Once you get past all this “inside baseball”, about the only solid conclusion is that the CIA is a sodden mess of incompetent, clueless bureaucratic brain-deads – with a political agenda.

    Their track record over the past 20 years is continuing evidence of their waste of billions of dollars propping up their welfare-state of coffee breaks and foreign high-living.

    Torch ’em all.

  16. James Joyner says:

    Jim,

    My guess those statements “approved” by Hayden are true in the same way that Waxman’s opening assertion that “one of the nation’s most carefully guarded secrets – the identity of covert CIA agent Valerie Plame Wilson” is true.

    Or, to quote Bill Clinton, it depends on what the meaning of “is” is.

    There’s no question that she was a covert operative doing dangerous work earlier in her career. As a consequence of being burned by Aldrich Ames, though, she had been moved back to headquarters years earlier.

    And she’d been stuck at the GS-14 level–a big deal nationally but just a mid-level manager in DC–for quite some time if she’d reached Step 8. There are GS-15s in their early 30s running around DC.

  17. Andy says:

    Shorter Joyner:
    No big deal that a CIA agent was outed.

    And what a cute little smear, implying that she’s not very good, stuck at a “low” pay grade.

    The bottom line is that any normal employee of the government would be fired for discussing CIA operatives with the press (or anyone without the proper clearance, for that matter), whether or not such a disclosure was against the law.

    Karl Rove still has a top security clearance. Armitage has a top job. What a party of responsibility!

    The right wing has spent years defending and minimizing the disclosure of secret information. Although now you’re reduced to arguing that the head of the CIA is making overly pedantic statements about her covert status. He must be suffering from BDS! It’s unpossible that she was actually covert!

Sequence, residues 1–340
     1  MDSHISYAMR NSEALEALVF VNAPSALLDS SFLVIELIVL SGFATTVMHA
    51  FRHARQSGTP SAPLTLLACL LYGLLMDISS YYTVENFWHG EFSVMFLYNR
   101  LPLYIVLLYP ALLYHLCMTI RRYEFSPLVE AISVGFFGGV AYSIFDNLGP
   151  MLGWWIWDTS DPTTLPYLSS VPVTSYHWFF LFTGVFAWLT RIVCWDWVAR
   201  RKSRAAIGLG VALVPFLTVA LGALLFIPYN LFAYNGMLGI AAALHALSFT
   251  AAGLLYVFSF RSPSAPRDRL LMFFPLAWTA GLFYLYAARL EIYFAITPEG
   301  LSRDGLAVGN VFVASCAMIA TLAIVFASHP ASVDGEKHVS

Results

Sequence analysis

18. graywolf says:

    After all is said and done…….she is a Fox.

  19. James Joyner says:

    The bottom line is that any normal employee of the government would be fired for discussing CIA operatives with the press (or anyone without the proper clearance, for that matter), whether or not such a disclosure was against the law.

    No, they wouldn’t. Not if they got their information through open sources. Again, the CIA’s spokesman readily confirmed her status to Novak on open telephone wires.

    No big deal that a CIA agent was outed.

    She wasn’t, at the time of the outing, an “agent” in the normal meaning of that word. She was a headquarters case manager.

    head of the CIA is making overly pedantic statements about her covert status.

    Nope. I’m saying that Waxman is a liar. He didn’t present a statement from Hayden but rather a list of “true” things out of context in order to paint a false picture.

  20. Bithead says: